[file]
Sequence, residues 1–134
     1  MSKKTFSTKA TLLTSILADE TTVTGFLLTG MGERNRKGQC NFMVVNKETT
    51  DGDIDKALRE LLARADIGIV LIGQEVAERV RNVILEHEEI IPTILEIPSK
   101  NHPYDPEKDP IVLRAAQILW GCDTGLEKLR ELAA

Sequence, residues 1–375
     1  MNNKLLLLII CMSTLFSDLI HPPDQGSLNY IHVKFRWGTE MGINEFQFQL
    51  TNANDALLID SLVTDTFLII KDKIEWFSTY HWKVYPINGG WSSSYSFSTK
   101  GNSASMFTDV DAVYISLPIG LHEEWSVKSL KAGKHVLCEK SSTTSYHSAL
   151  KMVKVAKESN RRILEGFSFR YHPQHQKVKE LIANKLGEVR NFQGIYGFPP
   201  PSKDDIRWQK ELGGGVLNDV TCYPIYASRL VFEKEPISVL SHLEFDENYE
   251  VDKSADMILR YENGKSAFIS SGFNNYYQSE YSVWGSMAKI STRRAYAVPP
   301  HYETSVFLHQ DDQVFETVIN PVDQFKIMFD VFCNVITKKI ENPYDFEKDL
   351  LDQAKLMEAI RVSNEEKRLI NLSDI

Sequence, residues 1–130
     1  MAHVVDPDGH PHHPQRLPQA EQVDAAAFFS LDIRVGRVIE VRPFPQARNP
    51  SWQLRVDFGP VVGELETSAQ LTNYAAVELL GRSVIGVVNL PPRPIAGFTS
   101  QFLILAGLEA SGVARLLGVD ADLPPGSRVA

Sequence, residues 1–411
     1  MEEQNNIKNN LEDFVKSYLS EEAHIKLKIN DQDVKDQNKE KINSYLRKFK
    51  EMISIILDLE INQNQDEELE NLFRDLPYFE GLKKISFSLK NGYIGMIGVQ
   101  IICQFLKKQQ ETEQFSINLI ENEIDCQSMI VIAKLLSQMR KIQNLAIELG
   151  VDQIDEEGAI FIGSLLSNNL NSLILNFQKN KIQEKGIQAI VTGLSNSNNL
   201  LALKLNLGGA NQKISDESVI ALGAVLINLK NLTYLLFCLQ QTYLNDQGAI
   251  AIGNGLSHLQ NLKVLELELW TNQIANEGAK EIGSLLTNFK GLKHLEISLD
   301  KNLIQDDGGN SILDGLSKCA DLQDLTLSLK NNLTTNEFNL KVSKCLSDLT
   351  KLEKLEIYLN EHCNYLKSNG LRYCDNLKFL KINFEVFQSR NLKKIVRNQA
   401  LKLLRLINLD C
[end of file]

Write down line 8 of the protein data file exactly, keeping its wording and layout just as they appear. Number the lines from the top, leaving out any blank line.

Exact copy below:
   101  GNSASMFTDV DAVYISLPIG LHEEWSVKSL KAGKHVLCEK SSTTSYHSAL